Justifications for terrorism against Western states, such as the Sept. 11 World Trade Center attack, are not rooted in traditional Islamic philosophy but do use some of its ideas, argued Mohammad Azadpur yesterday evening.
Azadpur, a postdoctoral fellow at the Center for Research on Culture and Literature at Johns Hopkins University, addressed a crowded Kaufmann Auditorium in a lecture organized by the Iranian Students Association, titled “On Terrorism in Islamic Political Philosophy.”
“After Sept. 11, I noticed that a lot of people were confused about whether Islam really promoted this sort of violence,” said Nassim Majidi ’03, president of the student group, which helped bring Azadpur to Cornell.
“Although [Muslims] have their own views about the religious side [of Islam], I thought it could help to educate people about what the political philosophy is truly about,” Majidi said.
Azadpur distinguished between two different eras of Islamic philosophers, those of the Medieval period and those who wrote at the time of European incursions into the Middle East in the 19th and early 20th centuries.
He noted that during the Middle Ages, leading Muslim philosophers envisioned a model Islamic state which would take an active role in elevating the morality of its citizens.
The Medieval philosopher Abu Mohammed al-Ghazzali combined works of Greek thinkers such as Aristotle and Plato, with the “Abrahamid monotheism” of Islam to create a utopian Islamic city. Such a city would induce its citizens to enhance their spirituality by imitating Mohammed, the founder of Islam, who was idealized by al-Ghazzali as a philosopher king, a lawgiver and a prophet. This ideal, like the Platonic one, is incompatible with democracy, Azadpur noted.
However, Azadpur emphasized, modern Islamist political philosophy takes the idea of an Islamic state to an extreme. “There is a marked distinction between the more modern and the classical interpretation of the Islamic utopia,” he said.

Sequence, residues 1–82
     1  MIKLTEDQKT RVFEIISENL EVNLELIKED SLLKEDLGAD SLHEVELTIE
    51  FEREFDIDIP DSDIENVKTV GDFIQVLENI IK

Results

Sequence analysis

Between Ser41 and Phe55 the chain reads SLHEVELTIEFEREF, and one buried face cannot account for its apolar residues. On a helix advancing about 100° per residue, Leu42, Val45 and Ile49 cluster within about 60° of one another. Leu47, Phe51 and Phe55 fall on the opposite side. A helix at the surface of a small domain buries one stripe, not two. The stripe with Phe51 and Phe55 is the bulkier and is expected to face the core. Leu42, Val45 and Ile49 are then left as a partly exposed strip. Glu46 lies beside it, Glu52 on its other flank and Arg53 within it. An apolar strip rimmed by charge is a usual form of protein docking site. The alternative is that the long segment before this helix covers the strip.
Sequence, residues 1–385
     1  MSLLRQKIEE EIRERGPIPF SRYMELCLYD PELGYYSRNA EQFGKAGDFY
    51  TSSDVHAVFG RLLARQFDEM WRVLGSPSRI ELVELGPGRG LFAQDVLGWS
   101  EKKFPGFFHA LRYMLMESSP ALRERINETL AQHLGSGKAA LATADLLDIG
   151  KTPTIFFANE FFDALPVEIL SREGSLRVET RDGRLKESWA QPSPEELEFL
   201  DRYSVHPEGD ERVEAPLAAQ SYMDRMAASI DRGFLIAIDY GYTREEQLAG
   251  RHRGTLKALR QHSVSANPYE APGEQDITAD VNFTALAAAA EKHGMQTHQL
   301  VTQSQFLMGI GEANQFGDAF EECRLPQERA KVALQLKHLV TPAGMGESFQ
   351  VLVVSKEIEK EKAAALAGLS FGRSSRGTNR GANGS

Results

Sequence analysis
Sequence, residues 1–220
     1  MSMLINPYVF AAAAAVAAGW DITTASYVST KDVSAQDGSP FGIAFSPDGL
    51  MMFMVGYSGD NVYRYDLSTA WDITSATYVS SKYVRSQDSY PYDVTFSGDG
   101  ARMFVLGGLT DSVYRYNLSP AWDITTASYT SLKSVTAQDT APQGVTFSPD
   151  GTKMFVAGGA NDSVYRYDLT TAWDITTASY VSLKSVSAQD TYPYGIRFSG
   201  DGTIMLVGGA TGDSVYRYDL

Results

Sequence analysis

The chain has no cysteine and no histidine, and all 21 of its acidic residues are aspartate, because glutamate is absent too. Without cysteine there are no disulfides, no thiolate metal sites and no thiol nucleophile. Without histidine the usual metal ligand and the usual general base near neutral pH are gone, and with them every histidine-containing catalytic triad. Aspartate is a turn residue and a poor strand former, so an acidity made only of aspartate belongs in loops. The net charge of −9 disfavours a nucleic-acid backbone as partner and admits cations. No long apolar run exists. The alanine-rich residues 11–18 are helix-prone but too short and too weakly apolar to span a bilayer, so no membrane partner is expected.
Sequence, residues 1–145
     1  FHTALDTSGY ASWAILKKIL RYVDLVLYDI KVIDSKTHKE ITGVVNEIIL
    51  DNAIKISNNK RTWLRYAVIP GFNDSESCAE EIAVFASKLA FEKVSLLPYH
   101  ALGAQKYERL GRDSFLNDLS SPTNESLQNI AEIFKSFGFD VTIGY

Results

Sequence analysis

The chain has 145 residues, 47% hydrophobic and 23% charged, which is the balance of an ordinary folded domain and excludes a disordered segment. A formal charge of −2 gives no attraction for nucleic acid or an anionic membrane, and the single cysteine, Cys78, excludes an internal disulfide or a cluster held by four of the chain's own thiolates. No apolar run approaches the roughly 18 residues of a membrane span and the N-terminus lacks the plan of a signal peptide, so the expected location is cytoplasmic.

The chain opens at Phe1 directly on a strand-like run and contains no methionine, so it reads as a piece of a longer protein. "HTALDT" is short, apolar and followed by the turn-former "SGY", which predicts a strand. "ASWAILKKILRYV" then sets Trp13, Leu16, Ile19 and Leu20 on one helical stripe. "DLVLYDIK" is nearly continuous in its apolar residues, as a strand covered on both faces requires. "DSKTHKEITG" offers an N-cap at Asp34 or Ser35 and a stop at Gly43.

In the modern context, he explained, Islamist leaders — those who politicize Islam — look towards the Islamic state “as an ideal to put in practice, to mobilize the community to achieve raising the moral and intellectual levels of its citizens.” But the theories had originally been meant merely “to articulate and discuss as a way to foster personal growth and spiritual achievement, not to implement as a practical measure.”
Still, Azadpur explained that terror groups, such as al-Qaida, who appeal to violence to achieve an Islamic utopia have appropriated modern Islamic philosophy as an intellectual framework from which to lash out at the Western world.
In fact, the violence stems from frustration with totalitarian Middle Eastern regimes which close all options for reformers to have a political voice and effect change, Azadpur said. The West, and particularly America’s tacit approval of such oppressive states and support for Israel are seen by people in the Middle East as a policy of keeping Islamic peoples in poverty, without hope for advancement or a say in their future.
Audience members pointed out some U.S. foreign policy blunders that have contributed to Muslim hostility towards the United States.
“Oil is the central reason for our interest in the Middle East, and unfortunately because of our dependence on guaranteeing that supply, we’ve had to make terrifying political compromises,” said Peter Cohl ’04.
“President [George W.] Bush says the [Sept. 11] attack targeted the U.S. because of its prosperity and its democracy